The Starline Social Club and Ballroom was conceived in response to Oakland’s narrative. Built in 1893 as an Oddfellow’s Hall, the structure’s original purpose was to support and enhance social gatherings that functioned as unincorporated guilds, providing skilled workers with a forum for assembly and self-organization. It was re-purposed as a Union Hall for the Deaf in 1964.

We, as curators, builders, chefs, teachers, musicians, dancers, photographers, and visual artists, recognize the need to facilitate collaboration between otherwise diverse and obverse media and communities, within and beyond Oakland, with hope to advance her goals as a municipality and develop her artistic economy. Recreating a concept that articulates Oakland’s significance as a nexus of cultural import, the Starline sets trends of current collaboration and future innovation while building on a rich tradition of cultural dialogue and cross-pollination. As enthusiastic members of this city, and the Uptown neighborhood specifically, we are determined to agglomerate the area’s long-gathering creative momentum in a space whose historic significance and anticipatory vision sets a new standard, a unique synthesis of our community’s exhilarating diversity and potential.

We will retain significant owner-director involvement, include outside communities that inform Oakland’s culture, and provide support to our dynamic community by furnishing something novel—a site for real conversation between lately disparate artistic spheres. The Starline’s correspondence with diverse projects, ideas and relationships, art, food and night-life markets that hold positive social, artistic and economic impact for Oakland is paramount. This is a place where this correspondence occurs in union and in response to trends and movements, and by social media that suits modern business, our friends, friends-of-friends, friends to be, and guests. They come for an inspired sense of creative community and aesthetic possibility, of place and party, and to witness Oakland’s excellence, all ways.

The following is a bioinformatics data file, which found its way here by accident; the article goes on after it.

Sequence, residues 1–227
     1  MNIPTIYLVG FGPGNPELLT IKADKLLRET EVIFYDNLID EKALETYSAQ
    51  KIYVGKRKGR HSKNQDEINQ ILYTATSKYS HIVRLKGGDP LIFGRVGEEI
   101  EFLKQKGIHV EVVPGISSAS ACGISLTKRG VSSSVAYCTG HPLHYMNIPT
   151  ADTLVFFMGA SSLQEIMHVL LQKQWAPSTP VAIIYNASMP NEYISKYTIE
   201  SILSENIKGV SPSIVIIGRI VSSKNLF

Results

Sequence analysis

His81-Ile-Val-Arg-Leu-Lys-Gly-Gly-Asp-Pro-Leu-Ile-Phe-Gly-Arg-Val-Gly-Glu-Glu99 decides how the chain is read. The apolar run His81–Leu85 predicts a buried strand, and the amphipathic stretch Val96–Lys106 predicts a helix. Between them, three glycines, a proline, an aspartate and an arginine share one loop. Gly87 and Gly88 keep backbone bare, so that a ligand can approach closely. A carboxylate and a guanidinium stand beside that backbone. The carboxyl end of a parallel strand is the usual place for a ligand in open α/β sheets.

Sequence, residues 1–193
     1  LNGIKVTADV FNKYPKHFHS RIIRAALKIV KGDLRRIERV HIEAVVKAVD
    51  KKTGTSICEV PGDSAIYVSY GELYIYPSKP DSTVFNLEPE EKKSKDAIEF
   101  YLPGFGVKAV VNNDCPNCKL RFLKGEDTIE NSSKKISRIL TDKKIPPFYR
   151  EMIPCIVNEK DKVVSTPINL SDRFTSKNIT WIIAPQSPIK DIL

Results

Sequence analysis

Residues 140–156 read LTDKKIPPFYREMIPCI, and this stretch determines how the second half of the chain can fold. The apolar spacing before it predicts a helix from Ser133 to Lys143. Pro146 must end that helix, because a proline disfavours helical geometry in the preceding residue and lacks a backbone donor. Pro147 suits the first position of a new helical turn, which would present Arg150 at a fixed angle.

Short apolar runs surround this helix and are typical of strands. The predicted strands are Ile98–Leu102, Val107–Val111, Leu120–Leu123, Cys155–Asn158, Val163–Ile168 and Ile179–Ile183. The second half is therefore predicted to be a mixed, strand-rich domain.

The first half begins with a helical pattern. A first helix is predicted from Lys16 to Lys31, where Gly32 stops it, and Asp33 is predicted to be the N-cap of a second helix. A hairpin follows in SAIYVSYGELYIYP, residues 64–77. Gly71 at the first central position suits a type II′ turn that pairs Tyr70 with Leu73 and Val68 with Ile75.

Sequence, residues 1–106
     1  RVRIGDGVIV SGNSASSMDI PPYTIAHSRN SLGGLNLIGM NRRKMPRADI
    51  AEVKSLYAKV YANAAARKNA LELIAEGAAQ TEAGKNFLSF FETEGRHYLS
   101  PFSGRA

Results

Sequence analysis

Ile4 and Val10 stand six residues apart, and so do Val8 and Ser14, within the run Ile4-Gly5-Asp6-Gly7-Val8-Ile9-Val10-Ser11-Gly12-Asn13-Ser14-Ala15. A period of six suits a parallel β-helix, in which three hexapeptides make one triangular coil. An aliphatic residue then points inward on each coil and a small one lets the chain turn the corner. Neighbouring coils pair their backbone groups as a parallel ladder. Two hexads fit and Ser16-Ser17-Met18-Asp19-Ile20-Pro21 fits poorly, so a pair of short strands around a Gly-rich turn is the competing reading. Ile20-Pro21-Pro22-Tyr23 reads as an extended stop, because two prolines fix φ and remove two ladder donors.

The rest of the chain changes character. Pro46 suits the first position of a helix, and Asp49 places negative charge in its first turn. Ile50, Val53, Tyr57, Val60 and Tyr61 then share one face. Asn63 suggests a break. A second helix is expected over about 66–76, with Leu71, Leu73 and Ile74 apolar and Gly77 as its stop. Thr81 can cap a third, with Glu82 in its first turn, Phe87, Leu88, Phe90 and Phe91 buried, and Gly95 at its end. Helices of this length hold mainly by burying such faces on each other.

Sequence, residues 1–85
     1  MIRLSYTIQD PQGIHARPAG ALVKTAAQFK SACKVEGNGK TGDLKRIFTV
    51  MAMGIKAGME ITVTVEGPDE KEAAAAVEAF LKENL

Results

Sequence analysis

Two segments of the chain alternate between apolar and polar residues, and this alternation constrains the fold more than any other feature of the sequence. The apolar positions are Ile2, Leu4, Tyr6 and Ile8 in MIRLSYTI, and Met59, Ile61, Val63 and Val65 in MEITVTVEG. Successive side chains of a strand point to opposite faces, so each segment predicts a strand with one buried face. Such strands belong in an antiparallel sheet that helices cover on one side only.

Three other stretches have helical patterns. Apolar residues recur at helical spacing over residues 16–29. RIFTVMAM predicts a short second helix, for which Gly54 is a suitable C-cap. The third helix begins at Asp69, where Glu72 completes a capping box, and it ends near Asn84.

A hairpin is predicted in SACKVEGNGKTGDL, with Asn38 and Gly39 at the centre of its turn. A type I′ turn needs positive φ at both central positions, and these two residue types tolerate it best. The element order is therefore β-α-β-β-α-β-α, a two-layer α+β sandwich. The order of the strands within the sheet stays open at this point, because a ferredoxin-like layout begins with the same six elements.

Located at the corner of Martin Luther King and West Grand Avenue

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